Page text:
An urgent-care centre remains out of reach of Sylvan Lake and area according to last week’s provincial budget.
Susan Samson, Urgent Care Committee chair, said it’s incredible that absolutely no money could be found in the $20.8 billion health budget for an urgent-care centre to provide care for non-life threatening injuries locally and divert patients away from hospital emergency departments.
“They don’t have a single penny for Sylvan Lake and area. It’s criminal. We’re not frustrated. We’re mad and we’re not going to take this anymore,” Samson said on Monday.
“The biggest crisis in health right now is the overcrowding in emergency. That’s all we’re trying to do is keep people who don’t require emergency services out of emergency rooms so that high level, very expensive triage is being done for the people who need it.”
The Sylvan Lake area serves a population of more than 22,000 and includes Sylvan Lake, Eckville, Bentley, Benalto, Lacombe County, Red Deer County and summer villages Birchcliff, Half Moon Bay, Jarvis Bay, Norglenwold, and Sunbreaker Cove.
As many as 750,000 people also visit the area annually.
Sylvan Lake and area have diligently pursued an urgent-care centre since 2011 that would run seven days a week, with access to a lab and X-ray.
The centre got the green light last spring from the Progressive Conservative government before they lost the 2015 provincial election.
Samson said the committee is looking to renovate an existing clinic rather than construction a new building. But the committee couldn’t even get $200,000 from $8 million put aside in the budget for health facility project planning in order to have an urgent-care centre plan ready and waiting for approval.
The situation will get even worse come June 1 when Sylvan Lake doctors will no longer provide after-hours care at closed clinics, nor will they look after patients in any capacity who are not directly attached to a doctor at Sylvan Family Health Centre, Sylvan Medical Clinic or Dr. Stephen Fugler’s office.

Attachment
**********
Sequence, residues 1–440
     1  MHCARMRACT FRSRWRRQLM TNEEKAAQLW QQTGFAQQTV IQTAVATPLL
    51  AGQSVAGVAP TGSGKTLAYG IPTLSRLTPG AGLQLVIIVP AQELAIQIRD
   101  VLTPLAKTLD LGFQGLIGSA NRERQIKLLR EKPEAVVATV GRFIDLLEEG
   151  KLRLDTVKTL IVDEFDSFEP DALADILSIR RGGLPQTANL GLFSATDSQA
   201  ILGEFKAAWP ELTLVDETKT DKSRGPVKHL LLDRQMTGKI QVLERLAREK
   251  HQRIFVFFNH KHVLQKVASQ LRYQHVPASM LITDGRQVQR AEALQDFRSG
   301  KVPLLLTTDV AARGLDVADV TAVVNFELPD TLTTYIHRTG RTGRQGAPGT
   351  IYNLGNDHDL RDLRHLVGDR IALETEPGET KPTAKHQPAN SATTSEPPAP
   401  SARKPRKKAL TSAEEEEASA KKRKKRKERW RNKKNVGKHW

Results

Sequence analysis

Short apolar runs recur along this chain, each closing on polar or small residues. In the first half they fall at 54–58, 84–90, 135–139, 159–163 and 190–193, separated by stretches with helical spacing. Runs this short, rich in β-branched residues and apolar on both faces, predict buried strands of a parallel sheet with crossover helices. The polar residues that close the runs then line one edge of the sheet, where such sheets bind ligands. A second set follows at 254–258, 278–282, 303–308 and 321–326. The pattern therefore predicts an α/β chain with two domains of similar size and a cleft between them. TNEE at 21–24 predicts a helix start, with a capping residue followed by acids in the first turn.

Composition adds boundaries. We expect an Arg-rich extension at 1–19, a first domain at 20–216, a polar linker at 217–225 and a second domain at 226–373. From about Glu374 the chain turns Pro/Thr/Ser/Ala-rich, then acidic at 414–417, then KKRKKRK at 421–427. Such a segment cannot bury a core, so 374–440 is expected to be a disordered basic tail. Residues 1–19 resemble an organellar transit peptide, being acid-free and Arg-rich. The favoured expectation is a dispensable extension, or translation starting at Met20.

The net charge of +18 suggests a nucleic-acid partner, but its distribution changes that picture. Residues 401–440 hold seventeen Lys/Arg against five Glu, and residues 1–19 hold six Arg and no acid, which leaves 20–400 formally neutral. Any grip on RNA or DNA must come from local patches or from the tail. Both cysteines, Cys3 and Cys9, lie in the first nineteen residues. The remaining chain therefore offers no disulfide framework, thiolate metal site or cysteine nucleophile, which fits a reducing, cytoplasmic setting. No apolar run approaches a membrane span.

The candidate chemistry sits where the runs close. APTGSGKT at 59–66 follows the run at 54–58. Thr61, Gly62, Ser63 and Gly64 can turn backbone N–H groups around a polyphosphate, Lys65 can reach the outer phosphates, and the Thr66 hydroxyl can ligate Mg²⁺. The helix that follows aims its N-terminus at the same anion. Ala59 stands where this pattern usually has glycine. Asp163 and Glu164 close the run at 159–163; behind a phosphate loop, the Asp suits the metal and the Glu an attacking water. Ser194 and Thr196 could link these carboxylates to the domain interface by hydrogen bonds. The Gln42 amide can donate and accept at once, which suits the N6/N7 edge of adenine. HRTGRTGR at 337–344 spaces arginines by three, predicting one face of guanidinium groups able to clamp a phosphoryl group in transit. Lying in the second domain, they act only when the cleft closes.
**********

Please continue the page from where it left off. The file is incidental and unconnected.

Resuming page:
Sylvan Lake physicians will continue to provide phone coverage for their own patients after hours.
In an open letter to residents, the doctors said: “The current On Call Service is unsustainable. Although physician safety and burnout is an issue of concern, patient safety is by far and away the most significant and serious concern.
“We know from our data that changes to our On Call Service will mean an additional 2,000 to 3,000 visits to emergency departments in the next year; this is in addition to the already 3,000 community members forced elsewhere as a result of lack of health care service and access locally.”
Samson said the committee met with Alberta Health Services Central Zone on April 11 where they were told urgent care was not part of the zone’s current budget allocations.
Associate Minister of Health Brandy Payne said the province is continuing to work with local officials to find the best way forward for the community.
“We’ve heard the concerns coming from the community. Minister Hoffman met with the community in December and we spoke to the mayor last week. Our deputy minister of health is coming to Sylvan Lake in the coming weeks and we’re confident we can find a solution for the community,” Payne said.
Innisfail-Sylvan Lake MLA Don MacIntyre said inaction by the province is putting lives at risk and ignoring a way to reduce health care costs.
He said the cost to operate the urgent care centre would be $2 to $2.5 million and consultants have shown that the amount of money saved in diverting non-life threatening cases away from the Red Deer hospital’s emergency department would exceed that amount.
He said urgent care in Sylvan Lake would also speed healing for patients, reduce the wait time at Red Deer’s emergency, and provide the appropriate level of 24-7 urgent care to the Sylvan Lake area.
“This is such a no-brainer for a government that needs to find ways to save money and improve patient care. And yet this minister of health turned that down. They flatly rejected this. It’s absolutely astounding,” MacIntyre said.
“I believe it is time for the people of Sylvan Lake to really rise up and mobilize on this issue,” the Wildrose MLA said.
The Urgent Care Committee is planning a rally for May 25 at Sylvan Lake Community Centre.
“We’re just going to start making some noise because I just don’t think the people who make the decisions are hearing us. I cannot believe that they would let this happen to this many people in Central Alberta,” Samson said.